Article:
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cording to Simi Linton, for instance, ableism is defined as discrimi- nation in favour of the able-bodied (Linton 2006:161). This defini- tion of ableism, however, supports dichotomous thinking about (dis) ability, and supposes disabled and non-disabled people to be groups that have discrete and distinct interests. Campbell has analysed the pathologisation of non-disabled people who desire disabilities or pe- ople with disabilities on the one hand, and the internalised ableism of disabled people on the other. The point of view Campbell has on (dis)ability is undichotomous. It makes it possible to see how hege- monic ability norms shape all bodies and how those norms could be questioned (Campbell 2009).

The term crip

Theatre scholar Carrie Sandahl has analysed the meanings and uses of the term crip. She notes that the term crip includes not only those with physical impairments but those with sensory or mental impair- ments as well and she emphasises that the term crip is fluid and can be claimed by those whom it did not originally define. According to Sandahl even a non-disabled person might use the term to refer to oneself (Sandahl (2003:27). In my view this kind of identifying should not be seen simply as ”patronising tolerance” because non- disabled crips could also actively resist uniformity and criticise the system of which they are supposed to be a part. Cripping able-bo- diedness changes the hegemonic meanings of able-bodiedness. In my view, it questions the dominant contradictory ideas that the able body ”can be trained to do almost anything”, and that able-bodied people are all alike (cf. Siebers, 2008:10, 117). Instead of policing who can claim to be crip, I read the discussion of the term crip (Sandahl 2003; McRuer 2006a) as performatives that are actually making it possible for non-disabled people to identify as crips. Po-

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siting crip as a fluid term that can also be used by non-disabled pe- ople, as Sandahl and McRuer are implying, enables it to destabilise the cultural dichotomy disability/able-bodiedness. Crip destabilises the dichotomy regardless of the risk of appropriation that McRuer mentions (McRuer 2006a:37).

In some cases non-disabled people really do affirm the able-bo- died/disabled binary and reinforce a patronising tolerance. Cripping able-bodiedness should always focus on critiquing the ableist cul- ture and questioning the idea that able-bodied people are all alike.

We should keep in mind Campbell’s (2009) careful consideration on ableism which emphasises different locations and discourses where ability is reinforced. To investigate the different ”contours of ab- leism” one has to recognise the taken-for-granted ideas that concern our bodies. I for instance find that a non-disabled person learning sign language or moving with a wheelchair and noticing the inac- cessible environment does not change any hegemonic meanings of able-bodiedness.1. Even though such practices can sometimes be practical or expressions of solidarity, these well-meaning gestures do not question the apparent coherence of the category of able- bodiedness. The able-bodied still appears as someone who can do almost anything, and can even become disabled for a while.2 Instead of ending up reinforcing the notion that non-disabled people are people who share something with each other and can do almost anything, I want to lift up shameful and stigmatised forms of non- disability, that is, non-disabled who cannot fulfil demanded skills and abilities. By stigmatisation I mean the hegemonic assumption that the person with a stigma is not quite human (Goffman 1963:5).

In the next two sections, I will analyse Finnish discourses on swimming skills. My reading draws on Campbell’s (2009) defini- tion of ableism as a culturally significant presumption that abilities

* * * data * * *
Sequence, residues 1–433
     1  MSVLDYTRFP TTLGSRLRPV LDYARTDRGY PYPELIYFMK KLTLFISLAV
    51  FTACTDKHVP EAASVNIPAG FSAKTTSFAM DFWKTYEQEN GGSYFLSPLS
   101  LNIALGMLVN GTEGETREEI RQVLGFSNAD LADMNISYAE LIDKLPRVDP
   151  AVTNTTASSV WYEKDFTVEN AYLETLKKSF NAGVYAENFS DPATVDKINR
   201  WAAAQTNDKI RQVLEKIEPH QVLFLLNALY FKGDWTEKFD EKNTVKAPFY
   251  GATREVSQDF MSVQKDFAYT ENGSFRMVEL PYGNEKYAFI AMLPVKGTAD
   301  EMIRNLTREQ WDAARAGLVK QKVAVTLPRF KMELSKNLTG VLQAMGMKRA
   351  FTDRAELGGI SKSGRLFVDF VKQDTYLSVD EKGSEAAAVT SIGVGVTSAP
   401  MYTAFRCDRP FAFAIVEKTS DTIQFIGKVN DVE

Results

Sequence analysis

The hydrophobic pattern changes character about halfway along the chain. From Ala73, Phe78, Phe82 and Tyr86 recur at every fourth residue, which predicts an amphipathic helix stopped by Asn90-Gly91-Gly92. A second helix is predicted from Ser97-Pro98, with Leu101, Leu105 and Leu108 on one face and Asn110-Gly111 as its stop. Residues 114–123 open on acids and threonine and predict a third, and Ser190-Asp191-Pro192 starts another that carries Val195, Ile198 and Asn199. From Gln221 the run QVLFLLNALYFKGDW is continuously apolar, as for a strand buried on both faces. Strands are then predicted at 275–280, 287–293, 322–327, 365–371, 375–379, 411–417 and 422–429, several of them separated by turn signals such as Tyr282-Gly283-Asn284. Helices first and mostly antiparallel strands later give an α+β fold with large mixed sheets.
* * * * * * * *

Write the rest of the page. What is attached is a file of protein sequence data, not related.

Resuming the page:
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that are seen as normal are something we are all aiming to fulfil.

As an example of how ableism forms also non-disabled people, I analyse official and pedagogic texts that handle swimming and a documentary titled ”I’m afraid of swimming” (Pelkään uida, Tröt- schkes & Hastrup 2004).

The non-swimmer and able-nationalism

In this section, my concern is national worry about non-swimmers in Finland. I will investigate official and pedagogic texts that in- clude Finnish National Core Curriculum for Basic Education, di- scussions on swimming in the Finnish Parliament over the last ten years, as well as text books and research about swimming.

It has already been proposed that sports were, among other things, a source of nationalism in Finland in the early twentieth century, and that establishing swimming as a form of physical activity in the nineteenth century was inspired by new ideas of hygiene and health (Kokkonen 2008). Swimming was also part of the military training and swimming skills were seen as an important quality of a soldier (Matkaniemi 2010). In this preliminary discussion on swimming skill my aim is to show that if we want to consider the meaning of able-bodiedness especially in a Nordic context, the cultural position of non-swimmers should be scrutinised.

According to the Finnish National Core Curriculum for Basic Education ”instruction in physical education is based on the natio- nal traditions of sports and exercise”. The Curriculum sets as one of its objectives that pupils will learn ”basic swimming skills”. ”The good performance” in swimming requires that by the end of the fourth grade the pupil should be able to swim in diverse ways in swimming-depth water (Finnish National Core Curriculum for Basic Education 2004).

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In the National Core Curriculum the term ”swimming skill” is used. Swimming in this context is substantially a skill that one has to develop and improve. In an American study on motor learning written for teachers of physical education and coaches, the term skill is defined as an action that has a goal. Skills are distinguished from abilities so that skills are something that can be trained, whereas the term ability defines a general capacity of the individual. However, ability as a capacity that can influence whether a performer beco- mes skilled is not independent from training (Magill:7–9, 270–278).